A group of underground explorers are discovering the secrets held within the fragile network of caves and underground rivers of the island of Cozumel.
For thousands of years, rainwater filtered through the karst landscapes of the island of Cozumel has created caves and underground canals. Collapsed roofs of the caves have opened
windows to the groundwater, forming cenotes, the emblematic ecosystem of the region.
Due to the isolation and to the specificities of their food web, cenotes have led to the evolution of species and unique ecosystems, linked to the reefs by changes in water flow and by injecting freshwater into the marine environment. A group of speleologists, explorers, and scientists work to understand the peculiarities of these enigmatic ecosystems.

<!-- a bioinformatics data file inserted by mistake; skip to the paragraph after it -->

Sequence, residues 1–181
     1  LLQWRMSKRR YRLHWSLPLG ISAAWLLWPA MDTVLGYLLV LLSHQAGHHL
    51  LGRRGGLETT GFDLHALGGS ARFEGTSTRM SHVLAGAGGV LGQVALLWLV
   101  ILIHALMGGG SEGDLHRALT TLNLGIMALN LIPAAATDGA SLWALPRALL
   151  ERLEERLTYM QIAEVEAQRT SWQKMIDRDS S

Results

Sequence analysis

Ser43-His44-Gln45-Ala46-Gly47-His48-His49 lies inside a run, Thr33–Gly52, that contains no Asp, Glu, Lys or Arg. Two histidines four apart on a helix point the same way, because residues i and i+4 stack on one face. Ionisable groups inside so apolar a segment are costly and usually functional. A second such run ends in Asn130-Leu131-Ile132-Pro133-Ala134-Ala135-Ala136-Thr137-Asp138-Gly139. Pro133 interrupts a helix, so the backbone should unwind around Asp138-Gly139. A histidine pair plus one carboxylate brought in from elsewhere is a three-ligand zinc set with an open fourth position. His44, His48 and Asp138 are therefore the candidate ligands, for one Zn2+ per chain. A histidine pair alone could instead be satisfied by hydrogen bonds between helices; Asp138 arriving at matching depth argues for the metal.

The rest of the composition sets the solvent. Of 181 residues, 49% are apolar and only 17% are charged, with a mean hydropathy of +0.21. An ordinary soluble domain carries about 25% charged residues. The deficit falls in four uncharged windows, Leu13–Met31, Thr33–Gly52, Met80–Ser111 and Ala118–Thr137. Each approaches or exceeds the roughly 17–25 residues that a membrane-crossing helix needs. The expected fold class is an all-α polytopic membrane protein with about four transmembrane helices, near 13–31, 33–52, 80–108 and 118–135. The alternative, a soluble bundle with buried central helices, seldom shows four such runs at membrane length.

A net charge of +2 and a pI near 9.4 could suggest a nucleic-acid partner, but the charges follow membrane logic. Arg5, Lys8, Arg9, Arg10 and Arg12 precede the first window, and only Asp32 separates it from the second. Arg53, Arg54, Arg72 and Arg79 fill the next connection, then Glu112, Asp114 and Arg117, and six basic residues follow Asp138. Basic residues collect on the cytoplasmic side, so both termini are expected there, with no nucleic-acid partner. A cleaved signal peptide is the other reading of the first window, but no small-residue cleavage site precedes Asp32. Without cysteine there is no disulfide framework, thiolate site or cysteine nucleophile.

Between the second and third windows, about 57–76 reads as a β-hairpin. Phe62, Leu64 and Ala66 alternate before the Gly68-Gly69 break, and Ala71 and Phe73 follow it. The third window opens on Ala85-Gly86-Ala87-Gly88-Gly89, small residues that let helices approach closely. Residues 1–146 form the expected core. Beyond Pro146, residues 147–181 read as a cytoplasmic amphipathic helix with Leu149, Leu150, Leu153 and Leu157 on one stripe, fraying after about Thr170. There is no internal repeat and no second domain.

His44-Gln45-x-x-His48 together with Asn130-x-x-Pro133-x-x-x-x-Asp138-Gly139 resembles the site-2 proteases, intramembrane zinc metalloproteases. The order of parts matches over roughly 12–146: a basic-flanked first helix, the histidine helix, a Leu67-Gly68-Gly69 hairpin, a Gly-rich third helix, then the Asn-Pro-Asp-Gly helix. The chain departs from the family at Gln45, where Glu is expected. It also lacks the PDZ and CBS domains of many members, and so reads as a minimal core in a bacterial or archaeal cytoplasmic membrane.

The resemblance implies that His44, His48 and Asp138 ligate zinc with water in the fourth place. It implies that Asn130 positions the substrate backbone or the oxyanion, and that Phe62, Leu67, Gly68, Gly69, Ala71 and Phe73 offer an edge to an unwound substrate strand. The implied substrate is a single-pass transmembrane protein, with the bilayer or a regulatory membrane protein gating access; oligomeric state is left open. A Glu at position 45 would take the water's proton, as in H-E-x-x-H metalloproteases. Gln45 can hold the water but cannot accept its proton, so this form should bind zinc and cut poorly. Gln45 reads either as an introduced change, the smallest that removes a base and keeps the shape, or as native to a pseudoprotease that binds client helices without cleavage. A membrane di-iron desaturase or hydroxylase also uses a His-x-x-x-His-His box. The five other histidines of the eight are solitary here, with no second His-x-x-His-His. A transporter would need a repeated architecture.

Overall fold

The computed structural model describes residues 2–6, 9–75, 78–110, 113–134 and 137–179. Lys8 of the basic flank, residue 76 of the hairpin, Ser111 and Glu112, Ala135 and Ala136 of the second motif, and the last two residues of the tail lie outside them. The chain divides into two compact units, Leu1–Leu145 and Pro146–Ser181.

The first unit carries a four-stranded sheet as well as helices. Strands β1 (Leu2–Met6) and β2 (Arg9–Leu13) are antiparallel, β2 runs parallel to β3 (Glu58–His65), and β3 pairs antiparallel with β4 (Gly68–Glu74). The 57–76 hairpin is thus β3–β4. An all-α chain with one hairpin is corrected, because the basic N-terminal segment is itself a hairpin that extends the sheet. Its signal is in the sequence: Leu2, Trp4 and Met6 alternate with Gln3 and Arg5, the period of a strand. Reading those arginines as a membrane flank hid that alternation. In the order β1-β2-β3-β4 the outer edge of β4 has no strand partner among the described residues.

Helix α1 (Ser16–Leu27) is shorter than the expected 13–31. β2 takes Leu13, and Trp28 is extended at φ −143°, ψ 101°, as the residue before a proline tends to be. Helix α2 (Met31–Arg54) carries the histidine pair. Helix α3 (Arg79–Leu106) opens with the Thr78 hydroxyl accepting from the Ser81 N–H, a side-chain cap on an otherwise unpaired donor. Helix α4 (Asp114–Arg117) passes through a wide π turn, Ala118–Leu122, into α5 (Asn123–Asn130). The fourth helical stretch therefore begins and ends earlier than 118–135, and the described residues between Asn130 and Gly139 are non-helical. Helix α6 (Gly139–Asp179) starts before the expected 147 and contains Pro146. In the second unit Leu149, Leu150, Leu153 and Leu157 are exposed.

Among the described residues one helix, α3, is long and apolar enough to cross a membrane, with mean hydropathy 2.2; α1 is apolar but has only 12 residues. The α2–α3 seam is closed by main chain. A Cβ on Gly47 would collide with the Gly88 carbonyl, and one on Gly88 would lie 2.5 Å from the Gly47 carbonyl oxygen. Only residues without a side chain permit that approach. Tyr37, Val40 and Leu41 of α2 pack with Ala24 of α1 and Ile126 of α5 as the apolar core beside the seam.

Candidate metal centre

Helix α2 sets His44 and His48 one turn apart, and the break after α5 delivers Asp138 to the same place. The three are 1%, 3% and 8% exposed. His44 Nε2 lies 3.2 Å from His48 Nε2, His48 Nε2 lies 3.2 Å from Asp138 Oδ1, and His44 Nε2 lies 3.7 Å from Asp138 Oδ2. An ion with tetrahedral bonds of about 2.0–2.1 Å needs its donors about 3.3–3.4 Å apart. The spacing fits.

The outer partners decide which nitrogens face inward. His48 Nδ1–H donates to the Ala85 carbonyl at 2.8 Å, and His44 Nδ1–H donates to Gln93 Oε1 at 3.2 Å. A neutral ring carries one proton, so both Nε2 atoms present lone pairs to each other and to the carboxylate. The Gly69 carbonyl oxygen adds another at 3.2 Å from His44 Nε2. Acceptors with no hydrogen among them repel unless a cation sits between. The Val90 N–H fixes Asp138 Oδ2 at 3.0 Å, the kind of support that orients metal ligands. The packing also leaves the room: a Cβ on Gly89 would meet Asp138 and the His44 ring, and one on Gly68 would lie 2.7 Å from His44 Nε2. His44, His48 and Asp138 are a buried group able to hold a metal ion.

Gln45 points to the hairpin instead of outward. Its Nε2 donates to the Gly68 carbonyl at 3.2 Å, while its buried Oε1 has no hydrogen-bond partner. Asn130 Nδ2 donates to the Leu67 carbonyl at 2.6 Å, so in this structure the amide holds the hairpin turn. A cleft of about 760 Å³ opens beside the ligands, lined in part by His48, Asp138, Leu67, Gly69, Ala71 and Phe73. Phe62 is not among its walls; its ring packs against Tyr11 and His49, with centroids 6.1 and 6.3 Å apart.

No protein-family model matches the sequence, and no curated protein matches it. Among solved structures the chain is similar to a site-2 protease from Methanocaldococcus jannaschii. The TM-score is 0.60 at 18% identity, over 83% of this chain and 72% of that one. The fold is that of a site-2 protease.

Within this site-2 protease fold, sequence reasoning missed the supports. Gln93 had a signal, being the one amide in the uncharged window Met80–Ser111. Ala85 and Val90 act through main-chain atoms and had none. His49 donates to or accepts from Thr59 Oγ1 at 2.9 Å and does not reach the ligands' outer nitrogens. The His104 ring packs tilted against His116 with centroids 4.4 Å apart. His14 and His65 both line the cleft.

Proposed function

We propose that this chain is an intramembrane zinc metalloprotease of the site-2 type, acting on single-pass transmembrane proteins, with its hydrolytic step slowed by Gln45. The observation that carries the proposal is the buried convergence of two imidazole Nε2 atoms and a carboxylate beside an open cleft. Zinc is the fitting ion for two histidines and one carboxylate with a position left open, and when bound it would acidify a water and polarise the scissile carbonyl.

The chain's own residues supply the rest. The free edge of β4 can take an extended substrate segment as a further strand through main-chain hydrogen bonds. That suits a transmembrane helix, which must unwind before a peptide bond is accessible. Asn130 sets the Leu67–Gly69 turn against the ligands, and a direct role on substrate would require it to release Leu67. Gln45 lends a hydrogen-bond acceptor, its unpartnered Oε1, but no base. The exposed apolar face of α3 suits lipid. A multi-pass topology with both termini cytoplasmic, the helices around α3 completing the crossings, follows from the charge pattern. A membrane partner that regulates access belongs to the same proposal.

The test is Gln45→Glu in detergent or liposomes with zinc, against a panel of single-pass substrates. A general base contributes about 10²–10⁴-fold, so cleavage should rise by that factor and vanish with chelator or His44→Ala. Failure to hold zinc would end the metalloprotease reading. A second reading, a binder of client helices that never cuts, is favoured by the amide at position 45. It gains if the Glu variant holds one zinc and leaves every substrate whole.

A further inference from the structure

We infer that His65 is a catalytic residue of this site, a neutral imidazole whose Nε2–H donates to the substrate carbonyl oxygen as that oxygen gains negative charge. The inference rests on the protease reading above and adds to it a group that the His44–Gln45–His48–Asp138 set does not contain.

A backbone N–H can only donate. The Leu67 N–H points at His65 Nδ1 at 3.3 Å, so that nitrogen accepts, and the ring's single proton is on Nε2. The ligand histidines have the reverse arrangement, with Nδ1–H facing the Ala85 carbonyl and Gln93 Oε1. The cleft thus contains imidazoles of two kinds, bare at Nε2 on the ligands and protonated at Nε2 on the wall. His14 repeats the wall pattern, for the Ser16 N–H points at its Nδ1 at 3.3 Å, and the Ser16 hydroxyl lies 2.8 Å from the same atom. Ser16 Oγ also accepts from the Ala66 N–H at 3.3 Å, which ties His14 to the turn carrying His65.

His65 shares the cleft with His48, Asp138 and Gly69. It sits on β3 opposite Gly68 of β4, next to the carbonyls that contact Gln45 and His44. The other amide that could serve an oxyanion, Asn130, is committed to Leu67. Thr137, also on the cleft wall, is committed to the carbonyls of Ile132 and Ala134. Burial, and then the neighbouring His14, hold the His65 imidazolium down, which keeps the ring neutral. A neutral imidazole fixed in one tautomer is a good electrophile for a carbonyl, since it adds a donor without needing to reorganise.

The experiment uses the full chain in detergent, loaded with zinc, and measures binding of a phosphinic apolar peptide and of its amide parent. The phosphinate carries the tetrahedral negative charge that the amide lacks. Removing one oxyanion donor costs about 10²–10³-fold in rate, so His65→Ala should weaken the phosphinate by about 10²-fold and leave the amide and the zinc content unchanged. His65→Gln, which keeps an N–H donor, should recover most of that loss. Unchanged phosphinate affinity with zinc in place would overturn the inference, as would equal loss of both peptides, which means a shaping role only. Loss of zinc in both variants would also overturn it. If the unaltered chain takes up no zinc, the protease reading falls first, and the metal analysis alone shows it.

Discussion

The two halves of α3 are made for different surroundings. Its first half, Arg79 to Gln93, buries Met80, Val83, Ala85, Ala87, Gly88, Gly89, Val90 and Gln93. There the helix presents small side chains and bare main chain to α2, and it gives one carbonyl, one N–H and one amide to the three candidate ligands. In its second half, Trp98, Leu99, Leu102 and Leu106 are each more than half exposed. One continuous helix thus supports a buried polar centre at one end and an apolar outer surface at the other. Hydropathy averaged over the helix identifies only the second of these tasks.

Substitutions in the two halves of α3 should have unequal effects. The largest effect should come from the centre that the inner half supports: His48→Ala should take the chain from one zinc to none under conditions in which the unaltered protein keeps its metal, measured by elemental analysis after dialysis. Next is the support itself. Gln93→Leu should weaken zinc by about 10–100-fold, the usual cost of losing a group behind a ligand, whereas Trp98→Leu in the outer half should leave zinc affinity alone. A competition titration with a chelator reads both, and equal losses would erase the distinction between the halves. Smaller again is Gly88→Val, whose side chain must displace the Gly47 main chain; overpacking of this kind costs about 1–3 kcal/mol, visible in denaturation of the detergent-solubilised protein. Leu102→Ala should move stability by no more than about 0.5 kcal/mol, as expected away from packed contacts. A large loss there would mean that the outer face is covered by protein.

In recent decades, the pressure generated by urban sprawl and a massive increase in tourism activities have disrupted the fragile environmental balance of the cenotes, threatening the reef systems on which almost the entire economy of the region depends. Against this background, the information gathered by this group of researchers is vital for the implementation of sustainable management techniques in the region.